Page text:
Thursday, September 16, 2010

This Week in the Woods

Fabulous flowers…Lovely native climbing hempvine (Mikania scandens) in bloom in the wetlands. Getting in close to these flowers for a picture means dodging a myriad of pollinators like this Eastern yellowjacket worker. Check out the info on this similar species of hempvine, mile a minute vine (Mikania micrantha), just discovered in South Florida…it could end up being Florida’s next serious non native invasive species problem.

Metamorphosis of a predator…while dazzled by climbing hempvine flowers and all number of bees, beetles, and hornets buzzing about my head I almost missed this special moment in the tall grass at my feet. This dragonfly was nearly dry with wings fully extended after having molted out of its final nymph stage. The exuviae (the cast off skin from molting) left behind has found its way in to the my collection of all things curious weird and wacky in the Back Woods (check out some of our other posts.)

Snappers, leeches, and me Oh my!… Volunteer Sam and I were about to pull some weeds on the berm along the west side of the Buttonbush Pond when we came across this Florida Snapping Turtle (Chelydra serpentina osceola) sunning on the shell path. Uncharacteristically calm (they are usually very defensive on land) when we got close, we noticed its tail and legs were loaded with leeches! We assumed this little guy was basking in hopes a few of those pesky leeches would decide to head for more moist and shady climes. We did notice a few had come off grasping about on the shell and a few had detached and were making their way to shadier spots on the turtle but, most were curled up tight waiting it out. Upon returning to the office and looking up this creepy assemblage of species, I found that these leeches are pretty common on snapping turtles. And unfortunately for the snappers, basking was not a very effective method of removing them. It doesn’t appear this species of leech (Placobdella parasitica) likes humans as well but, you can guarantee I’ll be thinking about it the next time I go slogging through the wetlands…eeeeewww!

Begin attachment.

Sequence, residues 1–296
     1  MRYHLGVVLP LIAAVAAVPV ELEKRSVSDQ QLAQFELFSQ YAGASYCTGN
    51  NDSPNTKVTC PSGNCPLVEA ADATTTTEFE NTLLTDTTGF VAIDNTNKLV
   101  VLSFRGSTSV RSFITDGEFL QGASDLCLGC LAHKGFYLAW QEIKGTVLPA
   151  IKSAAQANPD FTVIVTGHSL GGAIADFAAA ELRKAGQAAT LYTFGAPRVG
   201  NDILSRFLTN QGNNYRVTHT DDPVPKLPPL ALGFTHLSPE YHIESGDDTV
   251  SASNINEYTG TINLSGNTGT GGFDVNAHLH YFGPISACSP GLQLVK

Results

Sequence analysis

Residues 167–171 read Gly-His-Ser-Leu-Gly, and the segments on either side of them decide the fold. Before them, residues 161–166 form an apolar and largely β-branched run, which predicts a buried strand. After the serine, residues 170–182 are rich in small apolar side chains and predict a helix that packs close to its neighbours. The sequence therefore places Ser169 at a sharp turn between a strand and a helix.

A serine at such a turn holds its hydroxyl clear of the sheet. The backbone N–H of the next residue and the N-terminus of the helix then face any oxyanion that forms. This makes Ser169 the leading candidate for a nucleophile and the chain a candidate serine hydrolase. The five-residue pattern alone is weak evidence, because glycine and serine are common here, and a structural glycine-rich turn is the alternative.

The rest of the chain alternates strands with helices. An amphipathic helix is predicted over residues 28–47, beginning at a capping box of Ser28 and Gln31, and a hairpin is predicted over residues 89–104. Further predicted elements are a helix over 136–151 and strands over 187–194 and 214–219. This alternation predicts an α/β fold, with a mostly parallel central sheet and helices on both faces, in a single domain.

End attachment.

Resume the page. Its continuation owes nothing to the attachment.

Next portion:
DSCN2742 Explosive dehiscence in the sandhill…thoroughly dry seedpods of the partridge pea (Chamaecrista fasiculata) violently split open spraying their seeds many feet, even yards, from the mother plant. More subtle than popping corn but noticeable none the less, it can really be quite disconcerting when there is this snap crackle pop all around you without knowing where it is coming from…the only clue being the twisted remains of the seedpods lying like spent shell casings beneath the plants. :D

Sam in the woods…And a huge welcome to our new volunteer Sam. Contemplating getting back to school for ecology, Sam is volunteering with us to get an idea of what it is like to play in the woods for a living. We are thrilled to have her volunteer and look forward to all the things we can accomplish with her help.

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